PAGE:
Has blue crab been on any of your dinner tables?  What did you think?


Posted by on May 26, 2012 in Moving - in progress...


Cacao Festival Weekend

For those of you who haven’t heard by now, this weekend was the Cacao Festival, one of the largest events held during the year by the Toledo District Belize Tourism Industry Association (Toledo BTIA).  Much of the most recent edition of the Toledo Howler, the local tourism paper, was dedicated to all things cacao in honour of this event.

For me, the highlight of my week was getting my office ready, to be able to announce my presence to the world.  The thatch got put on the front of my office,  I got my office furniture purchased, made flyers, purchased my signs and got the office ready to open.

During the Saturday street festival I made my way through the streets, to the businesses, using the occasion to meet people and introduce myself as the owner of a “new office”, Re/MAX Belize Property Center South.  I also helped a bit with making the thatch roof.  I learned how easy it is to split cohune leaves in order to prepare them for thatching.  I worked, briefly, with a machete to try to split one of the thicker cohune leaves.  That thing was pretty unwieldy for me to use.

For the Cacao Festival, Friday night was the Wine and Chocolate event held at Coral House Inn.  This was an evening event with food, drinks and desserts focused on chocolate.  Belikin, a local Belizean brewery, made a chocolate stout just for the Cacao Festival and it was introduced at the Wine and Chocolate night.  I had some, and I thought you could smell the chocolate and taste it – although it wasn’t a strong smell or flavour.  By the time I had finished my 4 oz. the flavour and smell of chocolate had disappeared.  A few of the chocolate growers in the area were present giving out samples.  One of the samples I tried was bacon chocolate – chocolate with bacon pieces in it.  Can’t say that I would choose this again.  It was okay as a one time sampler but, for me, not a winner.  I visited with a few people, listened to some jazz music, enjoyed the scenery, got wet in the rain, and made my way home early.  There were fireworks held a bit after I left but I did get to see them from the street near my apartment – above the trees of course.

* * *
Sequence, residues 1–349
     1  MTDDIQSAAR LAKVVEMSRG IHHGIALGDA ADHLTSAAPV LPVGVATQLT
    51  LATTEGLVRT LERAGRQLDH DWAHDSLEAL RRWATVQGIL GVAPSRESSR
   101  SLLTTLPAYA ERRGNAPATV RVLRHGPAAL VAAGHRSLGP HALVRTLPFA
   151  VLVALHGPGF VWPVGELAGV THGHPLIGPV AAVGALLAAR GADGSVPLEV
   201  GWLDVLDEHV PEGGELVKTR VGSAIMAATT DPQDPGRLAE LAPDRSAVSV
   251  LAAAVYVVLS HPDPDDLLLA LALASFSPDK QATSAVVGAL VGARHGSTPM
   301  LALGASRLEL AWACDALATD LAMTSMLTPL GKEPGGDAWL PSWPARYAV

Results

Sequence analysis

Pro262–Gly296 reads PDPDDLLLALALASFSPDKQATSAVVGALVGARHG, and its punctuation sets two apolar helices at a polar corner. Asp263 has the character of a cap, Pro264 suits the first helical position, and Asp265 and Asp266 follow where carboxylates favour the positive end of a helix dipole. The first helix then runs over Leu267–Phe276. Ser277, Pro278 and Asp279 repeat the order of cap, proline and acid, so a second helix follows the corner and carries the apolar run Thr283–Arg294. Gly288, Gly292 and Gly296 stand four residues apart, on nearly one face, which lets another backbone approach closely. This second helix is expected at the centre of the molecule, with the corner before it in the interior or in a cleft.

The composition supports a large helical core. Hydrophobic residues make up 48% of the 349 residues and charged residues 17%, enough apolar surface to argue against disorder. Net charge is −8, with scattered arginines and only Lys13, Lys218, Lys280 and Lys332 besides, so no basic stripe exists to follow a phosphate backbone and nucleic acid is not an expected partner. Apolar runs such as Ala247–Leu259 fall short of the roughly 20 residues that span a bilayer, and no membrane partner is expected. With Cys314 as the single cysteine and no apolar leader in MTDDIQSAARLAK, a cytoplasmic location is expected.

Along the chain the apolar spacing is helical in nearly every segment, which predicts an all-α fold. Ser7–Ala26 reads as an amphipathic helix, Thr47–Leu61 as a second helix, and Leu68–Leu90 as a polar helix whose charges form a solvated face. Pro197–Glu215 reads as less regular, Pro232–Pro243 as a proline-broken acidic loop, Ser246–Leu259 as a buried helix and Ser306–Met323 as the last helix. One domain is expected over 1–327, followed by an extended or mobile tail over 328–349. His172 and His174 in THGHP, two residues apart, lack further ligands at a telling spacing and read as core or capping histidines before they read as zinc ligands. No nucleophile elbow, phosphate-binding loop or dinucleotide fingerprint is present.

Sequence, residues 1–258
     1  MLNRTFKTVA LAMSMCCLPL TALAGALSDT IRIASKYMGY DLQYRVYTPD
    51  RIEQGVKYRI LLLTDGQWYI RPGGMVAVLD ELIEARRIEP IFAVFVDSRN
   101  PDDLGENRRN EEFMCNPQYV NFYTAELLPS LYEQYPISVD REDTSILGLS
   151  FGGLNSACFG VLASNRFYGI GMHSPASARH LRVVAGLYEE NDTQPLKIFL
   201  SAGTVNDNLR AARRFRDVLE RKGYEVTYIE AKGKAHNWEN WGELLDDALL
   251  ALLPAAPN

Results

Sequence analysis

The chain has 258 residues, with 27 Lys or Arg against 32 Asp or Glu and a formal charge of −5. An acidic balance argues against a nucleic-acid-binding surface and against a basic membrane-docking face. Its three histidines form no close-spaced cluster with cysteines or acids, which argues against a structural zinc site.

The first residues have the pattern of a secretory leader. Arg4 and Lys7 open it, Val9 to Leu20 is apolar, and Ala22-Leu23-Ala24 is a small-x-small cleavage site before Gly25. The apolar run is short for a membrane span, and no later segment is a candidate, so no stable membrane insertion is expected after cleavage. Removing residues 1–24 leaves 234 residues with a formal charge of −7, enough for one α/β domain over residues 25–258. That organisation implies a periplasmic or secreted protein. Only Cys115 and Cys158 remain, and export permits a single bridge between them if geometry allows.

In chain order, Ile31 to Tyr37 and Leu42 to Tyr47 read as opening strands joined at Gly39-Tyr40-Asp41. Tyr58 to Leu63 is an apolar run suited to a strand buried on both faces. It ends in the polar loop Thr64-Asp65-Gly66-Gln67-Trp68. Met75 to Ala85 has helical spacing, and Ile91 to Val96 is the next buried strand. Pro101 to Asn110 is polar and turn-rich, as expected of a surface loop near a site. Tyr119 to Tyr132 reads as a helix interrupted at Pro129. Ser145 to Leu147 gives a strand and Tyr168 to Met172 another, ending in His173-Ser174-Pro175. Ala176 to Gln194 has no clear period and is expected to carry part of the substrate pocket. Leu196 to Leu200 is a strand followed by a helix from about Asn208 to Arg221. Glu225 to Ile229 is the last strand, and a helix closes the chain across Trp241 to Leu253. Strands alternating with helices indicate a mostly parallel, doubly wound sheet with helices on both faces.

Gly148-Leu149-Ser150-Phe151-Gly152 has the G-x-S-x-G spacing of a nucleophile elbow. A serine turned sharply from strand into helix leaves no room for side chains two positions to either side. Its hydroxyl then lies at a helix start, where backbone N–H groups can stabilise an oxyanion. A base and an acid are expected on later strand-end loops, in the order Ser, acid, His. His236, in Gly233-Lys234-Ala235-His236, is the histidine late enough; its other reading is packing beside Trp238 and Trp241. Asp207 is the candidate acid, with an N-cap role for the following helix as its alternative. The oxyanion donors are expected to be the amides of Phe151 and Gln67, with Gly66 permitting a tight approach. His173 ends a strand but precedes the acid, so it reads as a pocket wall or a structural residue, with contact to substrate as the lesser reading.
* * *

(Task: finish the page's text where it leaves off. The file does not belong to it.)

Saturday was the day I distributed flyers for the office.  During the evening though I did take in some of the cultural events at the temporary stage.  Live bands were brought in, some local dance groups performed their particular style of dance and then it poured (rainy season started a bit early).  I wasn’t feeling well most of the day so I went to bed pretty early.  At 11:00 p.m. I was awakened by a loud boom – and I knew there was supposed to be a 2nd night of fireworks so I got up, and went out on the balcony to watch the fireworks.  The display was only a few hundred feet away so I had a really good view as they rose into the sky.  As I was standing there I got a bit misty eyed because I would rather be watching fireworks with my husband beside me.  Next year…..


Posted by on May 20, 2012 in Toledo District at Work


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Getting Ready to Work!

My office is almost finished.  Not bad, just a few weeks behind schedule.  Now before you make comments about that, as I recently became aware of, the heat here really does slow people down.  It is really difficult to work for a straight 8 hours a day in the heat.  So I guess this isn’t too bad.   And it hasn’t exactly been priority for the person doing the bulk of the work – he is doing it gratis for me.